This is one of my husband’s favorite movie lines. While I’m not sure Don Carleone actually said this in The Godfather, Michael likes to pretend he did because he always delivers it while impersonating Marlon Brando. With a deep, guttural, whisper of a voice Michael says, “Nothing’s more important than family.” For added emphasis he shakes his right hand and kisses the tops of his fingers. And then he throws in a couple of Godfather slaps to someone’s cheek and finishes the scene by repeating the sound “eh?” a few dozen times.
|The newest member of my family.|
Holden, born May 2 to my sister
Cathy and her husband Troy.
We get it honey. Family’s important.
Good social relationships are important, not only for your mental health, but your physical health as well.
A recent study by Brigham Young University (BYU) has demonstrated that strong social relationships will help you live longer. (Unless of course you’re an enemy of the Carleone family. Then your life expectancy is only until Saturday, before mass.)
The BYU study found that “people with stronger social relationships had a 50% increased likelihood of survival than those with weaker social relationships.”
The researchers went on to state that, “…the influence of social relationships on the risk of death are comparable with well-established risk factors for mortality such as smoking and alcohol consumption and exceed the influence of other risk factors such as physical inactivity and obesity.”
Weak social relationships are as risky to your health as smoking and alcohol consumption. Yikes!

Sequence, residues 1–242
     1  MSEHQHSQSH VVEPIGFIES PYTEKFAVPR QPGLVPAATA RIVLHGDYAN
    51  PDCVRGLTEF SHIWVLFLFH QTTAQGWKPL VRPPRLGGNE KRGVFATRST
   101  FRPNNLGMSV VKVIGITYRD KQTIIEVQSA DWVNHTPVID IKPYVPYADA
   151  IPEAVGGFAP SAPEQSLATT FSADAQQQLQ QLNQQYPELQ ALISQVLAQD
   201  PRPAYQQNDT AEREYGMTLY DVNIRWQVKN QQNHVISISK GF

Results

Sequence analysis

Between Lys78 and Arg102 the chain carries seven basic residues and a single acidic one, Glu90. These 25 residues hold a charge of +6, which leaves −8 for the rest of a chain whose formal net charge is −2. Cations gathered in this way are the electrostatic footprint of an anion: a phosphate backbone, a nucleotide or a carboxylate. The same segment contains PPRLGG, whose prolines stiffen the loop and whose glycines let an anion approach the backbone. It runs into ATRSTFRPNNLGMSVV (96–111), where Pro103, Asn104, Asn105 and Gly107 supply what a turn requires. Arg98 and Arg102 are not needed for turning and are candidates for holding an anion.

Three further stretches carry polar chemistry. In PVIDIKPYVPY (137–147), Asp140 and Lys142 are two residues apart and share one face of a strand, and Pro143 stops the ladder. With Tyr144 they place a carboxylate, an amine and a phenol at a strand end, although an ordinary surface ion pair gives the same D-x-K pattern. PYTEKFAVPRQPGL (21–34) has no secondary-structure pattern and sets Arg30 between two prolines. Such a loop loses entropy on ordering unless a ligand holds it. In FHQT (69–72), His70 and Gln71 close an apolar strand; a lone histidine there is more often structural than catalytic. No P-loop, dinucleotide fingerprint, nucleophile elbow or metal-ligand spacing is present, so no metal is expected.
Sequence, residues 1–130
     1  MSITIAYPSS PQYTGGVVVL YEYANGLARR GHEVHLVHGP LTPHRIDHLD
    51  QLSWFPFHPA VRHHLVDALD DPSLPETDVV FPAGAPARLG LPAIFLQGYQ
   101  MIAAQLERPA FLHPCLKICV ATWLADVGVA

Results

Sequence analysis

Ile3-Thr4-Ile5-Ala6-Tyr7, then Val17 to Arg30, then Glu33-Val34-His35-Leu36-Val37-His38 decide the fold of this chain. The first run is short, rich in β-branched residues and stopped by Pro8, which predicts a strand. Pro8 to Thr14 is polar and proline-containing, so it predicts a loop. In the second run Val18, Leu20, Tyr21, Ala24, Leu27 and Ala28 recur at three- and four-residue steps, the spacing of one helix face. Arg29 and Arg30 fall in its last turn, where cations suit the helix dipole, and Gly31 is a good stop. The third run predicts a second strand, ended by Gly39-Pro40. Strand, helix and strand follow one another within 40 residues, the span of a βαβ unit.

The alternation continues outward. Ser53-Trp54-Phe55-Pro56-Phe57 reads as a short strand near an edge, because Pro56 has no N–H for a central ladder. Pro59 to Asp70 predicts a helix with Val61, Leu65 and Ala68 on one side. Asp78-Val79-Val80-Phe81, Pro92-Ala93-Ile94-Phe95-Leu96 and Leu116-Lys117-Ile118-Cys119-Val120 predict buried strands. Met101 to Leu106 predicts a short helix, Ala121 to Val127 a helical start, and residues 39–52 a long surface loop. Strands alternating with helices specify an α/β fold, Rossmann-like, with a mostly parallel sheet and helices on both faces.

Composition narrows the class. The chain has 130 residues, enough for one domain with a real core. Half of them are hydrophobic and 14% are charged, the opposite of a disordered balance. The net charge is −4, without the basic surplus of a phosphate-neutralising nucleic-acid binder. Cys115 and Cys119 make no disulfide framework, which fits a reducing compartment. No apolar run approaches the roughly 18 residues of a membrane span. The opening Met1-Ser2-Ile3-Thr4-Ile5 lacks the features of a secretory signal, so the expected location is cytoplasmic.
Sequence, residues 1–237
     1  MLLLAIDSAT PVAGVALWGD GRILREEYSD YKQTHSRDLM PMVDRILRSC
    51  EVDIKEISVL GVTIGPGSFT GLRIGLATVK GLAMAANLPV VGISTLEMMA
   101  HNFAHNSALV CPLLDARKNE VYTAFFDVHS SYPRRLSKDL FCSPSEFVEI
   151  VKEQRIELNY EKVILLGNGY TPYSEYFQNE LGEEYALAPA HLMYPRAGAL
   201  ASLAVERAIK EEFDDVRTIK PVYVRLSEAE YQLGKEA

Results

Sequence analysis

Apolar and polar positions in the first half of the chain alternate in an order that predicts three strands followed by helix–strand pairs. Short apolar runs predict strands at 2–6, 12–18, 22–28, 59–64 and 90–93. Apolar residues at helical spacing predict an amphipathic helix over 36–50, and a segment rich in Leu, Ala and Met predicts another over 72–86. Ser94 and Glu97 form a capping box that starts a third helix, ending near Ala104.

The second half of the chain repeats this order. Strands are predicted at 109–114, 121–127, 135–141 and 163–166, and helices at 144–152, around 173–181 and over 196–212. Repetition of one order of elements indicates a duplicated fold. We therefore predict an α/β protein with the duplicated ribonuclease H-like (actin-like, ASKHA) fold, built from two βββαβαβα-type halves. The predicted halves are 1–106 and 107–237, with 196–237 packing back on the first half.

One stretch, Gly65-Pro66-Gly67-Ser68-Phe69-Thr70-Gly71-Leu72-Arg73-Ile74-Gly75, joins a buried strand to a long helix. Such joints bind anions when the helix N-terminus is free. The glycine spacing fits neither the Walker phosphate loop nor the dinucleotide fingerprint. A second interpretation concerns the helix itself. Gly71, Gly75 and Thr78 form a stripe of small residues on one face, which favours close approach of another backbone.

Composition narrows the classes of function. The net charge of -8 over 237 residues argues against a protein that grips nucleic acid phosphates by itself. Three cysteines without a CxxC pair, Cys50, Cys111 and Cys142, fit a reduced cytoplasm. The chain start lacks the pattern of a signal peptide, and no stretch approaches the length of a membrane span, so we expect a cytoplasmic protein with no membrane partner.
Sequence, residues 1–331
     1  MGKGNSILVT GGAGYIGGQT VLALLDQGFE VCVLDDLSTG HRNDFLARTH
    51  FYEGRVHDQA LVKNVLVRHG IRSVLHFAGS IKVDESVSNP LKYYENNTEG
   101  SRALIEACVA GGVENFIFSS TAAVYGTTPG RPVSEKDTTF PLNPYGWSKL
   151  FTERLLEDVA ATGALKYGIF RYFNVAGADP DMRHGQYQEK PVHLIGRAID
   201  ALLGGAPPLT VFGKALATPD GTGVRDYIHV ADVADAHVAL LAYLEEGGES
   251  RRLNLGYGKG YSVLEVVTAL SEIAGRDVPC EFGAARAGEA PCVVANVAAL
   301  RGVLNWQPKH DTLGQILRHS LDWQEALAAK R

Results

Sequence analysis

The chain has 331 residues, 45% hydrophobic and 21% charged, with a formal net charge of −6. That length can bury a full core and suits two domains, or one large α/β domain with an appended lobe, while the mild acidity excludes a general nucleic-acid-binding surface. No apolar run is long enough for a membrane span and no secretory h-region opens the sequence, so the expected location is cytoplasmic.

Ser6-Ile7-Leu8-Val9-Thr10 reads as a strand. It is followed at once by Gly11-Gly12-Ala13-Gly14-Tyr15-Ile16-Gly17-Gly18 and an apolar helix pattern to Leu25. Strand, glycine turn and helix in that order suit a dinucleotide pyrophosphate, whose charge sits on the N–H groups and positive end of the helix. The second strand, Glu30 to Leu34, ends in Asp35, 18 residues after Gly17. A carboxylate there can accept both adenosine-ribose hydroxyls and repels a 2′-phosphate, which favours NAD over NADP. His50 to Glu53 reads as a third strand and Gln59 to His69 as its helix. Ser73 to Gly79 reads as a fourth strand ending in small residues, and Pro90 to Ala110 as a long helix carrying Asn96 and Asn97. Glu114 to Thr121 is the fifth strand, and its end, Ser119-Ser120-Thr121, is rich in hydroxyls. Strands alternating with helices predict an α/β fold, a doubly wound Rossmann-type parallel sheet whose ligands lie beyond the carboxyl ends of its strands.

I’m blessed to be surrounded by a wonderful extended family. But for those of you that have less than stellar relations with your family (it happens), strong friendships count toward a healthier life as well.
And you don’t need that many friends for it to affect your life in a positive way. A British study found that the magic number of friends to be happy was 10.
Dr Richard Tunney, of Nottingham University, quizzed more than 1,700 people about their satisfaction with their lives and the state of their friendships. Those with five friends or fewer had just a 40 percent chance of being happy. In other words, they were more likely to be unhappy than happy. When participants reached ten friends, they were more likely to be happy than unhappy.
Don’t worry. If you’re like me and the number of friends on your Facebook page is appallingly low, the study found that old friends are no more likely to make us happy than new friends. So it’s never too late to up these numbers!
I don’t need any research to tell me spending time with people I care about is healthy. I simply think about what I like to do most and it’s sharing a good meal and good wine with good friends.
With that we’re off this weekend to Cape Cod, MA. To get healthy by spending time with some old friends. I’m pretty sure there will be wine involved, so I’ll be sure and drink red. To really boost my health.